Year of No ClutterYear of No Clutter by Eve O. Schaub

My rating: 4 of 5 stars

Eve Schaub has a secret room that no one outside of the family is aware of. Always firmly glued shut. Most people, if stumbled upon the room would surely gasp in horror. What does this room contain you may wonder? Dead bodies (well, mostly not), gruesome monstrosities? Well perhaps only to Marie Kondo (famed organizational expert). You see Eve’s aptly named “Hell Room” is packed to the brim with clutter.

“So it goes with my roomful of belongings: most of the objects in there have at one point or another brought me something positive: happiness, joy, satisfaction, or simply a connection to various memories. Collectively, however, they morph into something entirely different:something heavy and obstructing and unclean and mortifying.”

And so begins Eve’s very ambitious project of The Year of No Clutter. Of finally getting through this room and making it livable again. I think the subject of clutter and the fear of letting go of objects is something that so many people can relate to. Eve explains it rather on point when she says
“ Each object was a teeny-tiny reference point to a moment in my life, big or small- like a million stars in the sky, each one connecting in an invisibe line back to me.”

Eve’s Year of No Clutter was an indulgent read for me. How often can we pick up a book that we identify so precisely with? Seemingly every page I was raising my hands in the air going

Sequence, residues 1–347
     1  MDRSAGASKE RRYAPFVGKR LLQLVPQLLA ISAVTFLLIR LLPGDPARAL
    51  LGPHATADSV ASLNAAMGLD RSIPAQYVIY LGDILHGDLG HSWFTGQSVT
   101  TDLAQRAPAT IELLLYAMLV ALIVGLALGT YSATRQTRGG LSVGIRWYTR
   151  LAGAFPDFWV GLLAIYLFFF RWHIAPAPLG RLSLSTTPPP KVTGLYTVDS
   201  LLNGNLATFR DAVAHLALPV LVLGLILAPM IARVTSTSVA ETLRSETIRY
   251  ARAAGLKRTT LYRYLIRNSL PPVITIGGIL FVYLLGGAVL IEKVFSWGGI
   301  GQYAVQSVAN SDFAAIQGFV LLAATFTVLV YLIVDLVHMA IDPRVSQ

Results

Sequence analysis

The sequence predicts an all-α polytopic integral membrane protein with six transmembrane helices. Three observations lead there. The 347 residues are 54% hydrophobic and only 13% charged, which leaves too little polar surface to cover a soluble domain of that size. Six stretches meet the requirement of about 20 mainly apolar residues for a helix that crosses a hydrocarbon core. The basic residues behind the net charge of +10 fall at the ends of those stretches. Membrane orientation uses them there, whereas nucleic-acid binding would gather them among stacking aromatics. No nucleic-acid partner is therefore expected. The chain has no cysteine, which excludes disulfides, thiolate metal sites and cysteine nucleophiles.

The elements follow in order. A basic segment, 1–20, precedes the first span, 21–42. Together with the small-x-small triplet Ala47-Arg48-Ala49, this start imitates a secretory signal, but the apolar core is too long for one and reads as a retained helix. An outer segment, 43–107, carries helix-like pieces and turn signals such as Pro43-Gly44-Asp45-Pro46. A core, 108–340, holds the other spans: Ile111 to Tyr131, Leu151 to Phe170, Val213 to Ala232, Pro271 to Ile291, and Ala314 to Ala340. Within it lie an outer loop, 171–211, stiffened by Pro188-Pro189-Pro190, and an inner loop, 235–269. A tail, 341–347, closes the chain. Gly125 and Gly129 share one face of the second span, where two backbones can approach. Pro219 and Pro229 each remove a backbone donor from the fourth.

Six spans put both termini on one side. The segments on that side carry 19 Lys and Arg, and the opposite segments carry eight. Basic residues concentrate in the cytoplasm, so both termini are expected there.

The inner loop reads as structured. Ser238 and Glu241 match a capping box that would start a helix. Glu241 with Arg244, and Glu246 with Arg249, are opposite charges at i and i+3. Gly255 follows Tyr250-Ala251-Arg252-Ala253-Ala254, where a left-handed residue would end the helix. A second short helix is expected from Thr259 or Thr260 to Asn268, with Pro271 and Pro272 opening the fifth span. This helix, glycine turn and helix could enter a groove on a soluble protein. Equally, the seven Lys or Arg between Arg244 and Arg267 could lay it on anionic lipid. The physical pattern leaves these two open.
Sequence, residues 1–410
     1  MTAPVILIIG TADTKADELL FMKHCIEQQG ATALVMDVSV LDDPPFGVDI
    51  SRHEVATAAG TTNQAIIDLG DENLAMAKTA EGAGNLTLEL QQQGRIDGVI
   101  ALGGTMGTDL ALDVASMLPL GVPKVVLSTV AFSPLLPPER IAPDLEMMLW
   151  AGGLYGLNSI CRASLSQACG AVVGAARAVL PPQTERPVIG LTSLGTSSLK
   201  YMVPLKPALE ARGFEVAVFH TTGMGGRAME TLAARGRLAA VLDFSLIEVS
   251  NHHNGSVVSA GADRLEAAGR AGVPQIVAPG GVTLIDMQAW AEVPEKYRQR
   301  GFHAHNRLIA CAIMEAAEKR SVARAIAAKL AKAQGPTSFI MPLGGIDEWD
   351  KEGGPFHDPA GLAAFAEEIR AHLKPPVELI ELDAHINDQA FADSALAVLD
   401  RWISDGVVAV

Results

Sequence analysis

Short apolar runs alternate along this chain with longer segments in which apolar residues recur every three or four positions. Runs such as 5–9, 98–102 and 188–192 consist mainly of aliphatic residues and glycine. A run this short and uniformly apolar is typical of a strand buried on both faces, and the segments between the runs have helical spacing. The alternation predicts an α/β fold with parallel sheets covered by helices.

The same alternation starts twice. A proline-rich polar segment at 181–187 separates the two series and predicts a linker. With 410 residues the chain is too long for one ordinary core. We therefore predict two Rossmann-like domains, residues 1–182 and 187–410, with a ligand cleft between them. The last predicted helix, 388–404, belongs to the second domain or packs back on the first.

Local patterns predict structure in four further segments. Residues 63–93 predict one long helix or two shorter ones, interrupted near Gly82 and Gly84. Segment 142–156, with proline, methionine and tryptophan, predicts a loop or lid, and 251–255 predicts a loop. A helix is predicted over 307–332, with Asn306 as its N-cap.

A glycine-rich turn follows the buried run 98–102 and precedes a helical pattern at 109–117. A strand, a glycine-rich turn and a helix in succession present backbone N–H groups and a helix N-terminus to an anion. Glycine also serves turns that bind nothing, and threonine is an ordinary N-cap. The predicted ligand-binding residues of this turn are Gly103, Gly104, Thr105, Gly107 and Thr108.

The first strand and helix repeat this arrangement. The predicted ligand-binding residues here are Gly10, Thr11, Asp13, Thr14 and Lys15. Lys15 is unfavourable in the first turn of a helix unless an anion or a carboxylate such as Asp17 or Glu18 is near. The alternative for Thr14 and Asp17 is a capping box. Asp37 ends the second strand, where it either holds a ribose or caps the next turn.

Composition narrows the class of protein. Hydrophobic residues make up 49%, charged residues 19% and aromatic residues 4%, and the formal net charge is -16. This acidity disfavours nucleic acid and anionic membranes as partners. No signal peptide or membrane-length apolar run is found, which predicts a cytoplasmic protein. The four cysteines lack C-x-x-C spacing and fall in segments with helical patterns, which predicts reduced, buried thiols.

As a pack rat/clutter prone/sentimental person myself, Eve’s struggles were achingly familiar.

I found The Year of No Clutter to be very well written, with Eve coming across as an authentically personable and humorous friend. I was disappointed that there was no before and after picture at the end . However the author does stress at the end of the book that the story ended up being more about the journey than the destination. Which is perhaps why a before and after picture was omitted.

I also found that while this book was all about a woman’s organizational journey, there was actually not a lot of advice on how to get rid of and reorganize your own personal hell room. This book is definitely more about Eve’s personal journey and growth rather than an actual organizational how-to book. Nevertheless I still got great enjoyment out of it. 4/5

“That’s the whole meaning of life, isn’t it? Trying to find a place for your stuff.”
– George Carlin

Buy, Borrow or Bin Verdict: Buy

Note: I received this book for free in exchange for an honest review.

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Uncle John’s UNCANNY 29th Bathroom Reader by Bathroom Readers’ Institute